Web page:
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Energy Update, July 16, 2010

July 16, 2010

In the States

FL – Governor Charlie Crist has called a special session of the State legislature to begin next week.  The sole purpose of the session is to pass a constitutional amendment banning offshore oil before August 4, which would put the amendment on the ballot this November.  Offshore drilling is already banned in Florida, but the Governor has expressed concern that future legislators might overturn the existing ban, which they could not do to a constitutional amendment.  Crist calls for special session to ban offshore oil drilling near FloridaThe Ledger

MO – Governor Jay Nixon has signed a bill into law that will make it easier for residents to pay for energy efficiency upgrades on their homes.  Under the new law, cities and counties will be able to issue low-interest bonds to homeowners for home improvements such as new windows or insulation.  The loans would be paid back to the State through a special 20-year assessment on property taxes.  Mo. Gov. signs bills on energy efficiency, KC zooBloomberg Business Week

OH – Governor Ted Strickland has announced the new Northwest Ohio Solar Energy Hub, a conglomeration of colleges, universities, and career centers aimed at promoting solar energy and related jobs and businesses.  A $250,000 grant has been awarded to the hub, which will allow collaboration between these entities, the solar industry, and the manufacturing sector on a plan for urban economic development and revitalization.  Governor announces Ohio solar energy hubSolar Novus Today

UT – Governor Gary Herbert testified at a Republican House and Senate Western Caucus hearing in Washington, DC about the challenge of developing energy resources in Western States.  He said that his goal is to streamline the process for energy companies interested in developing resources in the State and that uncertainty about the Obama administration’s policies on energy development on public lands is “spooking” companies considering investments in Utah.  The Governor also said that Congressional Republicans and Democrats need to work together on these issues, that he thinks “it is foolish for us to fight and rant and rave,” and that he is working to build a relationship with the Obama administration.  Gov. Gary Herbert urges cooperation with Obama administration on issues of the WestDeseret News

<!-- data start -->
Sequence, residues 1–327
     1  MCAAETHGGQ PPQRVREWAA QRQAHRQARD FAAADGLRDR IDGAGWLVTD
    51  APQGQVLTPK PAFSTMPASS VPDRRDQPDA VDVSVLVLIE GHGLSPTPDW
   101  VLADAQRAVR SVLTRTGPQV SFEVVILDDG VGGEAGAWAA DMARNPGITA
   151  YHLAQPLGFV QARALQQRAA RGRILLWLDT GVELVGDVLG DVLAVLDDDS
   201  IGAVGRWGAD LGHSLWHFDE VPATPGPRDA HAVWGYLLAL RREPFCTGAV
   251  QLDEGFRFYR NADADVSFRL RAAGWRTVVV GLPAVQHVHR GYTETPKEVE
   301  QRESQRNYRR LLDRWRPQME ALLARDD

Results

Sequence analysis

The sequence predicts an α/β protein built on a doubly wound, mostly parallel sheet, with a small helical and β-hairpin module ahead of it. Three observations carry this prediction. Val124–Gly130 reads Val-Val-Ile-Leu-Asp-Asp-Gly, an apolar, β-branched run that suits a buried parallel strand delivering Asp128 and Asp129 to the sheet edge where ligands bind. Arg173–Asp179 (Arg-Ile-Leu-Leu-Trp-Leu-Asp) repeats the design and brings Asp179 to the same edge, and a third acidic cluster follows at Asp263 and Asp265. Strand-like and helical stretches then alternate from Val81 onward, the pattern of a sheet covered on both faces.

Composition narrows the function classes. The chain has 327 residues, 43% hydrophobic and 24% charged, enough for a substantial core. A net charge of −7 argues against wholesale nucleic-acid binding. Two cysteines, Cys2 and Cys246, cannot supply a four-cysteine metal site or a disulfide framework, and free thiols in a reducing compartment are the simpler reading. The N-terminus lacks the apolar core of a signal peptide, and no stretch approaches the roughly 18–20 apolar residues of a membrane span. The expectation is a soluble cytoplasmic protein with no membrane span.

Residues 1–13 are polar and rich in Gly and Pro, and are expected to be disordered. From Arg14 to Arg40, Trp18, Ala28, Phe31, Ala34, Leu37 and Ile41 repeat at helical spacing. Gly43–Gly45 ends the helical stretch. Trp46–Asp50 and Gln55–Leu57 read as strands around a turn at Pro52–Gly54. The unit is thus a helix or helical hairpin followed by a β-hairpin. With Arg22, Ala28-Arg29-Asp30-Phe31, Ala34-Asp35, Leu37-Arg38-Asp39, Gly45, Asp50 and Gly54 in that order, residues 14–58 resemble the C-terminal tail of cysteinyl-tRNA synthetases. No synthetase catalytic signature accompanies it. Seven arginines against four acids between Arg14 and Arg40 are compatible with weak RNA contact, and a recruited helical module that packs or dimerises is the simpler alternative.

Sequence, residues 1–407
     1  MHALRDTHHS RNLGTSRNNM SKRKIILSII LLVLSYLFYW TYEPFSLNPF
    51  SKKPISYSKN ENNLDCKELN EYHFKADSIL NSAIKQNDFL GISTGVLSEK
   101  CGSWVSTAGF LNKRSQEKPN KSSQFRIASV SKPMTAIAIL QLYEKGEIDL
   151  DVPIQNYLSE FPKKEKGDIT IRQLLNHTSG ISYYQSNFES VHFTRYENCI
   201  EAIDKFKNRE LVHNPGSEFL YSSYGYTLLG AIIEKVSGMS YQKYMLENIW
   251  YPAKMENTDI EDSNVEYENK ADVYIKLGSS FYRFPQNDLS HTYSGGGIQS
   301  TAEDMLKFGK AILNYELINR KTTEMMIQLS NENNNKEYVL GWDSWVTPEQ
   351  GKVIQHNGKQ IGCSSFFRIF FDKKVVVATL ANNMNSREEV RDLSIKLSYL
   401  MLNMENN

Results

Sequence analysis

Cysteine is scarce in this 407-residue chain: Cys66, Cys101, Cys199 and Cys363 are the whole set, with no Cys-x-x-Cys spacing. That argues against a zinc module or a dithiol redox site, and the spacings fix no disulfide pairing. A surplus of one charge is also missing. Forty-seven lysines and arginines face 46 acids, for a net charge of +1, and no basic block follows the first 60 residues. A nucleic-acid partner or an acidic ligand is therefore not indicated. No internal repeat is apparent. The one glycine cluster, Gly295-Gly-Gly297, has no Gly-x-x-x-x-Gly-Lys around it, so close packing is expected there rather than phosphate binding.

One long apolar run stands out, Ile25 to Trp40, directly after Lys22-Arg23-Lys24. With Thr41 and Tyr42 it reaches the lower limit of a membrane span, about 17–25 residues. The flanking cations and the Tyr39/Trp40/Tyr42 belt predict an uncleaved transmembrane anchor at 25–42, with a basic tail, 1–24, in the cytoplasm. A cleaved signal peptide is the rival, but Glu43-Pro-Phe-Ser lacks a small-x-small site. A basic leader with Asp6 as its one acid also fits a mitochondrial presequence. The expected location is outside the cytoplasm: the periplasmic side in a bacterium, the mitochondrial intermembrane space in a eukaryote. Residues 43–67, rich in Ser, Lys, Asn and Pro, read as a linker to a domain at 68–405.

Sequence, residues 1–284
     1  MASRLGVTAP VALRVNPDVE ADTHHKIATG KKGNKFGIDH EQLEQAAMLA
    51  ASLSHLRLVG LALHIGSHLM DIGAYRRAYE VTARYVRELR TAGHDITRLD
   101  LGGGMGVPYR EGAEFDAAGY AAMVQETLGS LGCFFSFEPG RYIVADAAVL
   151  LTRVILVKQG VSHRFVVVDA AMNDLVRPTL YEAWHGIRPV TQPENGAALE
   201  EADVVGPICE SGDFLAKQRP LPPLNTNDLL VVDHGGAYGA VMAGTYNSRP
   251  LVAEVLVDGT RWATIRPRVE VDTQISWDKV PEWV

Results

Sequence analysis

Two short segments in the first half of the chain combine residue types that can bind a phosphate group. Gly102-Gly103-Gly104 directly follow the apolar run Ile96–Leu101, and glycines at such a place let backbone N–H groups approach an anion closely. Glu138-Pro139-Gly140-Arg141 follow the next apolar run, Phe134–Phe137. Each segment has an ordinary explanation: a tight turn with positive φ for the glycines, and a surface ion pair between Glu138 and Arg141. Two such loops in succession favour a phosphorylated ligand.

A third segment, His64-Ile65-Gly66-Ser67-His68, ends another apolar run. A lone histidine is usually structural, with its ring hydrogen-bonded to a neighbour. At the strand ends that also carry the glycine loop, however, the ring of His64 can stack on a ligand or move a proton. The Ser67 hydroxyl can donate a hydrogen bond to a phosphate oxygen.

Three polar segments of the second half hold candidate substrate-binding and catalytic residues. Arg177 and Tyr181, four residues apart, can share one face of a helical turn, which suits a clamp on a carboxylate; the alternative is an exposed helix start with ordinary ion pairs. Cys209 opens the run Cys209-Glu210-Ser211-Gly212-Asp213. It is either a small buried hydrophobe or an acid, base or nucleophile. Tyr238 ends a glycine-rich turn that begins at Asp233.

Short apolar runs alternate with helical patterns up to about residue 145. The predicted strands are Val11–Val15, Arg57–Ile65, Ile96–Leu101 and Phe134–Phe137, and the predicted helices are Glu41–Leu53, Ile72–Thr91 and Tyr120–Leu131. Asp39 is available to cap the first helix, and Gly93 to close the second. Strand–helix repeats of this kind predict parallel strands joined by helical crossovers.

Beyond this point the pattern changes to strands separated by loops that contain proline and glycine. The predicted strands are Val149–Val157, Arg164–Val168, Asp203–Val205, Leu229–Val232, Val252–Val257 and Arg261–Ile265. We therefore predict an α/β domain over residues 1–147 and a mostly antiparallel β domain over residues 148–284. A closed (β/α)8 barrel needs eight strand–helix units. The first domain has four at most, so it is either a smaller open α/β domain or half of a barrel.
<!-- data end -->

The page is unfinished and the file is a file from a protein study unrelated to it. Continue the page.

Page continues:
Regional News

Governors from both parties in eleven States on the East Coast have signed a letter to Senate Majority Leader Harry Reid (D-NV) and Minority Leader Mitch McConnell (R-KY) against a proposed electric transmission line from the Midwest to the East Coast.  The proposed line would allow Midwestern States to send renewable energy produced there to the Eastern States.  The Governors disapprove of the line because they would like to create their own alternative energy rather than import it from other States, and because they believe ratepayers in the Eastern States would shoulder the costs, estimated at $16 billion.  Signatories include Governors M. Jodi Rell (R-CT), Jack Markell (D-DE), John Baldacci (D-ME), Martin O’Malley (D-MD), Deval Patrick (D-MA), John Lynch (D-NH), Chris Christie (R-NJ), David Paterson (D-NY), Donald Carcieri (R-RI), Jim Douglas (R-VT), and Bob McDonnell (R-VA).  Eastern Governors protest Midwest wind transmission lineDes Moines Register

Six New England Governors and five Eastern Canadian Premiers participated in a conference to discuss energy goals.  In the end, the leaders agreed to reduce energy use in buildings 20% by 2020 through higher standards in building codes, examine implementing a low carbon fuel standard, and promote solar power by establishing a regional usage standard.  The Governors separately agreed to petition the US government to establish a high efficiency standard on furnaces in New England.  Massachusetts promotes energy efficiency and renewable energy goalsGovMonitor

National News

Senate Majority Leader Harry Reid (D-NV) has said that he will bring energy and climate legislation to the Senate floor by the end of July.  The legislation is still a rough draft and will be the subject of intense negotiations in the coming weeks, but Senator Reid has said it will contain a section on reducing greenhouse gas emissions that would apply only to electric utilities rather than the entire economy.  A number of Senators from both parties have expressed skepticism that the bill will pass the procedural phase, with liberal Democrats saying it is too weak, moderate Democrats weary of costly new federal requirements, and Republicans opposed to the process being used to move he bill forward and certain elements of the legislation, including proposed limits on carbon emissions.  Senator Ben Nelson (D-NE) has already said that he will not vote for a motion to proceed, forcing Senator Reid to secure at least two Republican votes for cloture, though potential supporters of a more comprehensive approach such as Lindsey Graham (R-SC) and Judd Gregg (R-NH) have signaled that they will not support the legislation if it caps greenhouse gas emissions in any way.  In a move to build support for the measure, Senator John Kerry (D-MA), a key supporter, is set to meet with the main electric utility trade group on possible concessions on existing Clean Air Act regulations, causing some environmental groups who say they may withdraw support if the concessions are too great.  Reid warms to July climate votePolitico and Clock winding down on Senate’s carbon cap effortsNew York Times and Nelson says no to climate votePolitico and Utilities, signaling support for carbon caps, want ‘relief’ from other air pollutantsNew York Times